• Edit what they say.
  • Be concerned about how the Recipient is affected.
  • Worry about confidentiality.
  • Allow for a degree of interpersonal influence or manipulation by the Recipient.

On the contrary, the client is completely safe to say:

  • Whatever they want
  • However and
  • Whenever.

. . . 

Part 4 is continued in the full Chapter 8-11 for download (as a PDF file).  The Chapter 8-11 Task List (Word document) is available for download if you would like feedback from Regina (at no charge to you). 

November 2014 was Part 1 of the series and includes the Glossary. 

Helpful Conversations series ... to be continued ... 

  Internet Resources

book graphic  Books

  • Helping the Client: A Creative Practical Guide.  John Heron.  Sage Publications, 2001.  ISBN: 978-0761972884
  • On Becoming a Person: A Therapist's View of Psychotherapy.  Carl Rogers.  Mariner Books, 1995.  ISBN: 978-0395755310
  • Client-Centered Therapy: Its Current Practice, Implications and Theory.  Carl Rogers.  Robinson Publishing, 2003.  ISBN: 978-1841198408
  • The Skilled Helper: A Problem-Management and Opportunity-Development Approach to Helping.  Gerard Egan. Cengage Learning (2013). ISBN: 978-1285065717
  • Income Without a Job: Living Well Without a Paycheck.  Michael Jay Anthony, Barbara J. Taylor.  Lulu.com, 2008  ISBN-13: 978-0-557-00377-8.  Website: www.income-without-a-job.com.  Tap into your own creativity and use  your full potential.  Learn how to see opportunities that others miss.   

world wide web - articles  Articles

Related newsletter articles:
    August 1997 - Improving verbal communications
    April 2001 - Consulting Skills for Managers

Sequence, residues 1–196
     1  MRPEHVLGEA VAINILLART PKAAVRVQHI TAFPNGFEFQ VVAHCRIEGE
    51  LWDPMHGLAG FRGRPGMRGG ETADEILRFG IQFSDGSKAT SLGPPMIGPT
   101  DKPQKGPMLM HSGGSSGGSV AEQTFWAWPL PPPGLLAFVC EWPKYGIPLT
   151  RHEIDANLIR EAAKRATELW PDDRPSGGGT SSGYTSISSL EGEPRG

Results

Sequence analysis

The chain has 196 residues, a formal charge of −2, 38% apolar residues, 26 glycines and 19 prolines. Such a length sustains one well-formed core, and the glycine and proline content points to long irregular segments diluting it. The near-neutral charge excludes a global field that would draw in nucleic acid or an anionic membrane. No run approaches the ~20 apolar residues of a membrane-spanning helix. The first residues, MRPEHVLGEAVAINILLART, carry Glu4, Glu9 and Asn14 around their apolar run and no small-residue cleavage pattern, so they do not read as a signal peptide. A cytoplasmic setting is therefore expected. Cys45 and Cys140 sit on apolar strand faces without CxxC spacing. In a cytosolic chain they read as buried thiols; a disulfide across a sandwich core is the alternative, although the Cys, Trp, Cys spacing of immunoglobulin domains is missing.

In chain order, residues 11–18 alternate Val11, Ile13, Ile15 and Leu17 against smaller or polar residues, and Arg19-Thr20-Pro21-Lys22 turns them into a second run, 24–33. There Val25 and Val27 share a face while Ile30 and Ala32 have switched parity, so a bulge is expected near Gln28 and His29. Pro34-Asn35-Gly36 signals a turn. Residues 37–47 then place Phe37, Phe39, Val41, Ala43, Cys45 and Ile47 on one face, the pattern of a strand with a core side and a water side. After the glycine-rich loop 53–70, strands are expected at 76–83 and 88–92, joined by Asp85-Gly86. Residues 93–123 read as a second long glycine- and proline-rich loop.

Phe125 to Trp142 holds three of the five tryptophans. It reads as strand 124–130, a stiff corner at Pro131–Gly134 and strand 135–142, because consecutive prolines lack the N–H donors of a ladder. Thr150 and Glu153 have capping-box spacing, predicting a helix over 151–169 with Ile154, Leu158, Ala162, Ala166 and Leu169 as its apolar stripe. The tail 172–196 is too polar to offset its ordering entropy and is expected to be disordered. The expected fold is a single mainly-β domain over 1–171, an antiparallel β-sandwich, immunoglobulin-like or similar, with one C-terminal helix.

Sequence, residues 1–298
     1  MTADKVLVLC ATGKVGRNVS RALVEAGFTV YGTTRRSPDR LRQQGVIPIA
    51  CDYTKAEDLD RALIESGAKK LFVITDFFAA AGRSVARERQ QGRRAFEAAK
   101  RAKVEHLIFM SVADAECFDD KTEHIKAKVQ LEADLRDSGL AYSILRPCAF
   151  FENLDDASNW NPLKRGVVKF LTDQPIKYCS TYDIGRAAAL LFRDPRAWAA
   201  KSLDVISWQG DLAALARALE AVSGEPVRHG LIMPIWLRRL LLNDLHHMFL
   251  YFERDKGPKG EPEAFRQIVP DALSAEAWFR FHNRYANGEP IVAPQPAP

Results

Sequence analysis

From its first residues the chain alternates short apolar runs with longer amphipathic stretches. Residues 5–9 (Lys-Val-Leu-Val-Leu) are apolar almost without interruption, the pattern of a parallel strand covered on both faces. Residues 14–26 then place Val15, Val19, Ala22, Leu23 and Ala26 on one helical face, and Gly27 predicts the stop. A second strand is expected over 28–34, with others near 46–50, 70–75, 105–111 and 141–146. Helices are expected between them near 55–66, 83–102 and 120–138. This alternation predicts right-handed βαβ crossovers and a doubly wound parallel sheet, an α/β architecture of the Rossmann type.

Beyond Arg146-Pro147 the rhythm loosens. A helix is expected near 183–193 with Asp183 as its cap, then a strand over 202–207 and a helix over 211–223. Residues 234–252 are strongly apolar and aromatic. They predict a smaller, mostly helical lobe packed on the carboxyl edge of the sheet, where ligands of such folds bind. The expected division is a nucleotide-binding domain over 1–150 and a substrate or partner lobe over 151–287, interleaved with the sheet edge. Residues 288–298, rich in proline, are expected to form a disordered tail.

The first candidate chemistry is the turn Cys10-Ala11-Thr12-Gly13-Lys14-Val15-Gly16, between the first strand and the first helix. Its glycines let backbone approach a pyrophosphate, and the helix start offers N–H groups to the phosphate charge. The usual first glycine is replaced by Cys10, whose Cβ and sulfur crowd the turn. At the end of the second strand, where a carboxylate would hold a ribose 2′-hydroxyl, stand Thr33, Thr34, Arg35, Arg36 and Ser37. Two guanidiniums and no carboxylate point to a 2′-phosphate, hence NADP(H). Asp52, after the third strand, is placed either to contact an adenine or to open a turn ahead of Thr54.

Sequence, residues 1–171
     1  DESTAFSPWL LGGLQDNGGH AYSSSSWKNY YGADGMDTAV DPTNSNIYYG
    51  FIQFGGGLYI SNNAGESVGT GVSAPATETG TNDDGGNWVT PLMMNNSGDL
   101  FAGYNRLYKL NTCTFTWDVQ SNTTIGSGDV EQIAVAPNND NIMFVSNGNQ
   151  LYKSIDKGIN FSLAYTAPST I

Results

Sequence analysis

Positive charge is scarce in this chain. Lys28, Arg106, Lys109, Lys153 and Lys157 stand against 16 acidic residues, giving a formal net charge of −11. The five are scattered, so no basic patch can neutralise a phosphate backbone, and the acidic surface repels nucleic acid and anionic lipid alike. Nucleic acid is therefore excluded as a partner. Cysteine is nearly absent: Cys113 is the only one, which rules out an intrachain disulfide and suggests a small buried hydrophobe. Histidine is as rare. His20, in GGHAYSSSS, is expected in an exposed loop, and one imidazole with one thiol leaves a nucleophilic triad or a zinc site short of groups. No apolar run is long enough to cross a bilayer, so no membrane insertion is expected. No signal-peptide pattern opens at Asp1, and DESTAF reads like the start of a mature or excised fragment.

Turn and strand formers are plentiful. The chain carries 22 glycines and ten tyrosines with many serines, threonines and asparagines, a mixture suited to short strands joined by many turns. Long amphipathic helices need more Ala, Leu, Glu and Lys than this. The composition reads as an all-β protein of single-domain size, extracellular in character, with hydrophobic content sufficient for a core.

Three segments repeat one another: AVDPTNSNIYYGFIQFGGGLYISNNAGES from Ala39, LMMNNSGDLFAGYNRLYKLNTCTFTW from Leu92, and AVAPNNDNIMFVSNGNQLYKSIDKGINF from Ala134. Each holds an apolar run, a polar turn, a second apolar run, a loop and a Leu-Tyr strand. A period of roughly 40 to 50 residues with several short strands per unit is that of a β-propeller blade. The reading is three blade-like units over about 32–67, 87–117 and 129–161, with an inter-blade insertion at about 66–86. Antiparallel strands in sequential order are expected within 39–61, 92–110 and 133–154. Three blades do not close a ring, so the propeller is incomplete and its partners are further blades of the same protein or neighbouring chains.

November 2007 - True Community
    March 2005 - Male/Female Communication at Work
    April 2000 - The Art of Listening

smiley graphic  The Lighter Side  

The most precious gift we can offer anyone is our attention.
―  Thich Nhat Hanh

The most important thing in communication is hearing what isn't being said.  The art of reading between the lines is a life long quest of the wise.
― Shannon L. Alder

The most basic of all human needs is the need to understand and be understood.  The best way to understand people is to listen to them.
― Ralph G. Nichols

Many a man would rather you heard his story than granted his request.
— Phillip Stanhope, Earl of Chesterfield

One of the most sincere forms of respect is actually listening to what another has to say 
― Bryant H. McGill

Too often we underestimate the power of a touch, a smile, a kind word, a listening ear, an honest compliment or the smallest act of caring, all of which have the potential to turn a life around.
― Leo Buscaglia

About our resource links:  We do not endorse or agree with all the beliefs in these links.   We do keep an open mind about different viewpoints and respect the ability of our readers to decide for themselves what is useful.

spike bullet If you have comments about this month's topic, please let us know or take our newsletter survey.  If you would like to receive free notices of the new monthly topic, please sign up for our mailing list.  See our Privacy Policy

Page updated: January 31, 2015